The general feeling surrounding the past year was one of tremendous growth, along with the inevitable growing pains that accompany rapid change. While 2017 was marked by a winning streak for the organization—a Top 5 placement in the Google.org Impact Challenge and two new projects being greenlit by the Canadian Government bookended the year—2018 was defined by the intense challenge of living up to these commitments.

This challenge was accepted with alacrity. PeaceGeeks, running previously with just three full time staff members, finished the year with a complete team for the first time in its seven-year history. A full time developer works on the Google Impact Challenge-funded app for newcomers, transferring the design in-house. Marketing, communications, fundraising, and further project management support also came aboard. A team is now consistently working in Jordan, dedicated to the Meshkat Community Project, and regularly collaborates with the Vancouver office. PeaceGeeks, at the beginning of the New Year, finds itself moving from a small, volunteer-based organization, to a fully professional NGO.

As is par for the course, this rapid transition has been nearly as stressful as it has been exciting. Cherrie discussed the pressure to succeed that naturally accompanies the shift from a quirky startup to a more professional and skilled organization. Cherrie reminisced about the “good old days” when PeaceGeeks was mainly focused on small passion projects and relied heavily on volunteers: while neither of those qualities has changed about the organization, it is now working on significant publicly and privately-funded projects that have firm delivery dates and high expectations; projects that have the potential to be game changers in the peace-tech industry.

PeaceGeeks is developing an app for newcomers and refugees to the Metro Vancouver area. With an anticipated launch date of March 2019, the stakes are high to come away with an application that will fulfil the vision for what is required by the parameters of the Google.org Impact Challenge and government funding. The team spent most of 2018 referring back to their collaborative community ethos and consulting, conversing, and cooperating with partners and advisors on the project. After creating, scrapping, re-working, refining, and hair-tearing, the the project is progressing toward a clean, simple, effective, and user-friendly final product that the team and its partners are proud of and excited to share.

In Jordan, the PeaceGeeks team operates three principal programs: Meshkat Community, Artists-in-Residence, and the annual Peace Awards. Funded by the Government of Canada through 2020, Meshkat strives to promote alternative messaging defined by acceptance and tolerance online to combat the prevalence of hate and extremism in digital content in the region. The Artists-in-Residence program nurtures bloggers, filmmakers, and photographers to address critical community challenges and spark important conversations to create unity and advocate for positive change. The annual Peace Awards celebrate outstanding individuals who contribute to a safer, more inclusive community.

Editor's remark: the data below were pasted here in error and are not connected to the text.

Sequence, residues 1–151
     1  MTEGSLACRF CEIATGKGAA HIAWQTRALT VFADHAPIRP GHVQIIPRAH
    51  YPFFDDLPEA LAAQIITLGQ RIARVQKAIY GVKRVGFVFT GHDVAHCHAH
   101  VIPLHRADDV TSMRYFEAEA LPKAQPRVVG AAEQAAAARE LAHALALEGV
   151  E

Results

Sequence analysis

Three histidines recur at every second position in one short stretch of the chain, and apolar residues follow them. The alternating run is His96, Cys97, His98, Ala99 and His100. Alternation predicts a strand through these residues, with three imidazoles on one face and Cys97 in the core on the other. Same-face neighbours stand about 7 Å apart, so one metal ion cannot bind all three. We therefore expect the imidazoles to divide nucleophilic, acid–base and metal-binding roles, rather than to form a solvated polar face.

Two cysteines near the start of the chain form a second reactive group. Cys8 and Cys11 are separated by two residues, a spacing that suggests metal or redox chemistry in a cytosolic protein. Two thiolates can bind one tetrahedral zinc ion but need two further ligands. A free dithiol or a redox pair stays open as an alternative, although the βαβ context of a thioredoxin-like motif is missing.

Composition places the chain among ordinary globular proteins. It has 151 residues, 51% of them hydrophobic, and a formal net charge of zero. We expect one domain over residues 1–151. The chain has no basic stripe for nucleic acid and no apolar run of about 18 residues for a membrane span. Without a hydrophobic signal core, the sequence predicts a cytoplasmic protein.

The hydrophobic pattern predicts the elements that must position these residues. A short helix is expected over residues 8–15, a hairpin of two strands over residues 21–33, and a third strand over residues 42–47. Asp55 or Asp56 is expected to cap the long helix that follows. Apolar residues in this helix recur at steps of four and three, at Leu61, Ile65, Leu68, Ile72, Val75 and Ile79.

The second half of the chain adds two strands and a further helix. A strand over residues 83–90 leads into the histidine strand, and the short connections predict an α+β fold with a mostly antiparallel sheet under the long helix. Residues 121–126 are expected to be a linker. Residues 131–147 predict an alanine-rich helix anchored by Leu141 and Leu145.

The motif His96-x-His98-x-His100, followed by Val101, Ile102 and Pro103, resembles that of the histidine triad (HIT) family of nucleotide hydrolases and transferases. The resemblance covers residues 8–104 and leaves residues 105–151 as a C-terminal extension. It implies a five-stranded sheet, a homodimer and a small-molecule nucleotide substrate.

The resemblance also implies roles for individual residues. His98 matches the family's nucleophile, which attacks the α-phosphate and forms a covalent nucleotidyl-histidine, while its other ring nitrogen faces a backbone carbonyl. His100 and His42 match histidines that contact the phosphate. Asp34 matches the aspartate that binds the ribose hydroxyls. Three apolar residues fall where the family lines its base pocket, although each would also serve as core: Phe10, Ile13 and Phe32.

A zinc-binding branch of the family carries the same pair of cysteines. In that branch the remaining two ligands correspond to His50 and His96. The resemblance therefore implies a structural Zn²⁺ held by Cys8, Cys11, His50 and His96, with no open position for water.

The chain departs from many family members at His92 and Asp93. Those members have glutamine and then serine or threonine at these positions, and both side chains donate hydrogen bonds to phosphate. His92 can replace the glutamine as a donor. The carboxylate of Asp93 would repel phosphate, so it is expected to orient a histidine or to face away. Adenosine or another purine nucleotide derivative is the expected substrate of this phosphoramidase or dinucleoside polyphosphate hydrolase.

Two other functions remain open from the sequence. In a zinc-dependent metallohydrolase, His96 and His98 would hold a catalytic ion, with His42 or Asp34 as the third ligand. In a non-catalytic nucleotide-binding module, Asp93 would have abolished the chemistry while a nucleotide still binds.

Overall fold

PeaceGeeks also took time in 2018 to transform its foundations in terms of what the organization stands for and how its mission and values translate from theory into practice. The PeaceGeeks team, led by a dedicated Board of Directors, determined to fully shape and understand their core statements in order to move forward with cohesion and intention. The organization now has a more concise and accessible byline: PeaceGeeks builds digital tools to empower communities in the pursuit of peace.

So what does the coming year hold for PeaceGeeks? The organization is continuing to refine its mission and values, with a reorientation of the signature speaker series “PeaceTalks,” to be more engaging and relevant to the contemporary socio-political climate and the Vancouver community, where the talks are hosted. The launch of the newcomer app in March will kickstart the project into a new phase defined by user feedback, marketing, and community engagement to ensure the app reaches its full potential of usability and positive impact for newcomers. Still a quirky startup in many ways, PeaceGeeks will continue to seek new and innovative funding opportunities to facilitate and expand its project base.

With a transformative year under its belt, PeaceGeeks is up and running with a refreshed momentum and the tools it needs to carry forward for the long term. With a full and diverse team of Board members, staff, volunteers, and a strong network of community partners, PeaceGeeks is providing digital empowerment tools to immigrants and refugees in British Columbia, challenging hate and extremism online in Jordan, and engaging with the Vancouver community to raise awareness and foster dialogue about peace technology and its potential to make the world a better place. 

There’s much work to be done, and a lot to look forward to in 2019.

Daniel Morton is a PeaceGeeks volunteer and contributing writer.

Jan 7, 2019
Category: Media